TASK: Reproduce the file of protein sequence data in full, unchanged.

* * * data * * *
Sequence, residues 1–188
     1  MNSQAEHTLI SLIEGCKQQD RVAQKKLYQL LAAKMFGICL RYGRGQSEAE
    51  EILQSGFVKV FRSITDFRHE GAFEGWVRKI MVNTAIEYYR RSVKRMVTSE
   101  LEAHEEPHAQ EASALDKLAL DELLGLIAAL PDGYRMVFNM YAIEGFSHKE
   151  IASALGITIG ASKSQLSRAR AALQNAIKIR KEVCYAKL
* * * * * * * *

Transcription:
Sequence, residues 1–188
     1  MNSQAEHTLI SLIEGCKQQD RVAQKKLYQL LAAKMFGICL RYGRGQSEAE
    51  EILQSGFVKV FRSITDFRHE GAFEGWVRKI MVNTAIEYYR RSVKRMVTSE
   101  LEAHEEPHAQ EASALDKLAL DELLGLIAAL PDGYRMVFNM YAIEGFSHKE
   151  IASALGITIG ASKSQLSRAR AALQNAIKIR KEVCYAKL